Peace and Justice for all

Total Posts: 55 | Joined Feb. 2003 | Posted on: 8:31 pm on Feb. 14, 2003 | IP
krista



Junior Member
   
mee too.
i'm quite curious...

-----
Radio Do Mar: http://www.live365.com/stations/226288

Total Posts: 97 | Joined Jan. 2003 | Posted on: 9:46 pm on Feb. 14, 2003 | IP
erjbcdt


Junior Member
   
Honestly I thinky you are completely wrong when it comes to economics, and I agree that privatization needs to be done in a gradual process but this talk of imperialism is just non sense.  Globalization is the end result I believe in, and I dont believe you idea the state can solve our problems.  The state dominated brazilian and latin american politics and economic for over 70 years and where did it get?  Latin America and Brazil had large rates of inflation, keeping the massive poor population from having the purchasing power that helps them today buy goods they could not do when inflation was 30% a month. When the state controlled the economy poverty never decreased, jobs were not created and no media agency would attack corruption because the country was a closed nation. I posted that World Bank posting after I went to Brazil and I will prove to you how wrong you are in fact;

Now why did the free markets work in Brazil?!?!?
Now my blame is not the World Bank or the IMF because poorer countries in Asia have benefitted from the IMF and World Bank policy.  China, South Korea, which has half the size of the economy  Now is it the IMF's fault that the brazilian govt runs a deficit of over 35 billion dollars per year in pensions?  Well this deficit eats away that savings rate of Brazilians because the govt has to borrow money to finance the debt.  Then as the govt takes savings in terms of borrowing Brazilans have less money to invest because savings turns into investments! Basic economics treaches anyone this!  Interest rates can come down when there exist large deficits that force Brazil's central banks to keep rates high because this attracts foreign investments that brazil needs to cover the deficit.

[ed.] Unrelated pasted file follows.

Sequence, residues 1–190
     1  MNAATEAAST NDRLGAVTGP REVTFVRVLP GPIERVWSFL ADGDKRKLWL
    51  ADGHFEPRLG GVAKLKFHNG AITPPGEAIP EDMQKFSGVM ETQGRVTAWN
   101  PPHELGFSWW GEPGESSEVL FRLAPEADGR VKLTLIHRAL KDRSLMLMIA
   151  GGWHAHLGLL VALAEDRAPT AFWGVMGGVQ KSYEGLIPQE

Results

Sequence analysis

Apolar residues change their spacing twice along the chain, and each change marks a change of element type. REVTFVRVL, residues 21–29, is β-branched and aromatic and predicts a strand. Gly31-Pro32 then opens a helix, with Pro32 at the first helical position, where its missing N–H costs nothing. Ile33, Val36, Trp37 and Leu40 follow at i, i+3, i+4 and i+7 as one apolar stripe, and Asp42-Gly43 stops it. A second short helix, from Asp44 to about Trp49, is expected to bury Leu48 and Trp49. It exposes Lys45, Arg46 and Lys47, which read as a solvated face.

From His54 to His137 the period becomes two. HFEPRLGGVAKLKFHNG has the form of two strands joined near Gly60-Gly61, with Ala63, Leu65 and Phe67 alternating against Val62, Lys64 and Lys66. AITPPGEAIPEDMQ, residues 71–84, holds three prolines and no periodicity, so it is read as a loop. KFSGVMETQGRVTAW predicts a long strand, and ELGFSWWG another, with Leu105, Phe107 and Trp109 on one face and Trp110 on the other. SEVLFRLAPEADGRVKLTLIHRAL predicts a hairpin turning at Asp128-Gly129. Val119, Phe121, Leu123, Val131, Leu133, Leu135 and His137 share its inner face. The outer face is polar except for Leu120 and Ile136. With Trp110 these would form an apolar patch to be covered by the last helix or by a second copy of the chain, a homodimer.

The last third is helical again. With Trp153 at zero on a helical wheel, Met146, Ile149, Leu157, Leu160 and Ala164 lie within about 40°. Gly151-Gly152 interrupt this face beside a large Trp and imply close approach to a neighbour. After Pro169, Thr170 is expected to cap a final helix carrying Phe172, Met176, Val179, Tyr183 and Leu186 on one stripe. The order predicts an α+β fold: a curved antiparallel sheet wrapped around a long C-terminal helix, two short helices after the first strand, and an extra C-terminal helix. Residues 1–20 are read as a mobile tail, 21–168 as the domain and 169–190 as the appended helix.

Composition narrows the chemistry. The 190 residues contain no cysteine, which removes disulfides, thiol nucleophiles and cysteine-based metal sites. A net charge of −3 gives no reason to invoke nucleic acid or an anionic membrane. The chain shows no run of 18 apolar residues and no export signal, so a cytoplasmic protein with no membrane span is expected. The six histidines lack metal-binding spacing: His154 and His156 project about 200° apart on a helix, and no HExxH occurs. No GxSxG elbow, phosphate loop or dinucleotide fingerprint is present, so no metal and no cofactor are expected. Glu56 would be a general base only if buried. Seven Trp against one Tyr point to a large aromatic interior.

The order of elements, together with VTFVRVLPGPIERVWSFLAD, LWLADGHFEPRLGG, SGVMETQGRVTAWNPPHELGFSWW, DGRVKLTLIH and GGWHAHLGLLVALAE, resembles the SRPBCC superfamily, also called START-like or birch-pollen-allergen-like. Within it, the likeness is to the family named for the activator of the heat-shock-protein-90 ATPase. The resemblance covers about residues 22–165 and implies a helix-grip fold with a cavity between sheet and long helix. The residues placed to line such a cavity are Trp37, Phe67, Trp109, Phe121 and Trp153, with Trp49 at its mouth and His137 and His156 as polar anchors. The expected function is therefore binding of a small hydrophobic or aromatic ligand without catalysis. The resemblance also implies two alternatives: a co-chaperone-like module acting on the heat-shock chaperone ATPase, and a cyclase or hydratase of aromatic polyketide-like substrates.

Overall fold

No it is the IMF's and World Bank's fault that the Brazilian tax system is regressive and makes the poor pay most of the taxes while the rich pay even less taxes?  They are provinding a free market approach if you have another approach that is better than the free markets please tell?  Because there isn't any I know it and FHC knows it?


dO YOU KNOW WHY UNEMPLOYMENT RUNS HIGH IN BRAZIL?  BECAUSE THE LABOR LAWS WERE MADE IN THE 1930'S CAN YOU IMAGINE HOW DIFFERENT THE ECONOMY IS TODAY THAN IT WAS 73 YEARS AGO? FOR EVERY WORKER WHO EARNS 100 REAIS THE COMPANY MUST PAY 100 REAIS IN TAXES, WELL THIS PROVIDES AN INCENTIVE TO KEEP SALARIES LOW SINCE COMPANIES CANT AFFORD TO PAY HIGHER SALARIES! tHIS SYSSTEM IS OUT OF CONTROL BUT WHY HAS IT CHANGED? HOW COME EVERY TRIES TO BLAME CARDOSO? HE HAS 8 YEARS, FERNANDO COLLOR MELLOR BEGAN THIS OPENING THE ECONOMY UP AND ITAMAR FRANCO TRIED TO CONTINUE WITH PROGRESS AND CARDOSO COULD NOT COMPLETE THE NEEDED REFORMS.COME ON THE TAX LAWS HURT BRAZILIAN INDUSTRY AND HURT THE BASIC STRUCTURE OF BRAZILIAN ENTRENEURSHIP BECAUSE THEY PAY SO MANY TAXES THEY WOULD GO BROKE IF THEY HAD TO PAY ALL THE TAXES IN THE BOOK.  Most importantly the credit level given to industries is too small since taking out a loan is so expensive in Brazil it is something companies do not want to do because they need to keep cost low.

WHY DID BRAZIL PASS THESE REFORMS? WELL THE PT BLOCKED TOOTH AND NAIL EVERY TIME ESPECIALLY WHEN THE LAW TO FLEX THE LABOR LAWS THE PT CAUSED A FIGHT IN CONGRESS WHICH IS SCARY THAT A POLITICAL PARTY COULD ACT IN SUCH  A WAY AND NOW ASK THE PSDB AND PFL TO HELP PASS REFORMS!  

AND YOU KNOW WHAT LULA WHO IS NOW A SOCIAL LIBERAL BUT ECONOMIC CONSERVATIVE BEIEVES IN THE FREE MARKET, SO WHATS YOUR PROBLEM?  i AGREE WITH EVERYTHING LULA IS DOING SO FAR IN TERMS OF THE ECONOMY!